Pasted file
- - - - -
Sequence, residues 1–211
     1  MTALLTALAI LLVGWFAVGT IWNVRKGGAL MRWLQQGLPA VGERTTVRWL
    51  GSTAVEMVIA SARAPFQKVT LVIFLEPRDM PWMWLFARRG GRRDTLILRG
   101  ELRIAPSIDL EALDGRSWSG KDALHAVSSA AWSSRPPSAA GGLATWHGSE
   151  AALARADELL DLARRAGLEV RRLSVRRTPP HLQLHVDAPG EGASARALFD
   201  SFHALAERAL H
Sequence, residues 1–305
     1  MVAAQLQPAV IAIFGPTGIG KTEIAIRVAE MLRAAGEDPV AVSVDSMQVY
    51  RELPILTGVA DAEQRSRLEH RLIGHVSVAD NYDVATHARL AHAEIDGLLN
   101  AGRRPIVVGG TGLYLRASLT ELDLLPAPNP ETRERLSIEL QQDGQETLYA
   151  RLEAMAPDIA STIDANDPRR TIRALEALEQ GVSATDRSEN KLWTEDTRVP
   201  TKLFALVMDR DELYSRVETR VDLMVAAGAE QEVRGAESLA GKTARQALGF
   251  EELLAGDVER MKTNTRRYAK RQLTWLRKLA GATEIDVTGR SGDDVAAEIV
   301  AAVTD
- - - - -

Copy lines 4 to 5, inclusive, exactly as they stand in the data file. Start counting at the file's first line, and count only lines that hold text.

   101  ELRIAPSIDL EALDGRSWSG KDALHAVSSA AWSSRPPSAA GGLATWHGSE
   151  AALARADELL DLARRAGLEV RRLSVRRTPP HLQLHVDAPG EGASARALFD